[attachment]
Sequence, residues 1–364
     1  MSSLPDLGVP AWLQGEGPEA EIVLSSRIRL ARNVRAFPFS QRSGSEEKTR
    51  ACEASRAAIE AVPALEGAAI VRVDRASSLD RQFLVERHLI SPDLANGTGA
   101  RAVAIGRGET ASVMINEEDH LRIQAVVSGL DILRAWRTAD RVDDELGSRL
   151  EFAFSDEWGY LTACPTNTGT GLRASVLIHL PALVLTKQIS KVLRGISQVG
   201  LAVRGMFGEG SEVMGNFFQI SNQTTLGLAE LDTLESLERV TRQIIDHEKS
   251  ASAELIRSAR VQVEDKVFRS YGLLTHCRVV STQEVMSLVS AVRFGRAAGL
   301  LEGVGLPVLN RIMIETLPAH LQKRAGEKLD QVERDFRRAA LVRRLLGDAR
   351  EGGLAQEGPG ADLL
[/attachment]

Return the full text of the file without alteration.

Sequence, residues 1–364
     1  MSSLPDLGVP AWLQGEGPEA EIVLSSRIRL ARNVRAFPFS QRSGSEEKTR
    51  ACEASRAAIE AVPALEGAAI VRVDRASSLD RQFLVERHLI SPDLANGTGA
   101  RAVAIGRGET ASVMINEEDH LRIQAVVSGL DILRAWRTAD RVDDELGSRL
   151  EFAFSDEWGY LTACPTNTGT GLRASVLIHL PALVLTKQIS KVLRGISQVG
   201  LAVRGMFGEG SEVMGNFFQI SNQTTLGLAE LDTLESLERV TRQIIDHEKS
   251  ASAELIRSAR VQVEDKVFRS YGLLTHCRVV STQEVMSLVS AVRFGRAAGL
   301  LEGVGLPVLN RIMIETLPAH LQKRAGEKLD QVERDFRRAA LVRRLLGDAR
   351  EGGLAQEGPG ADLL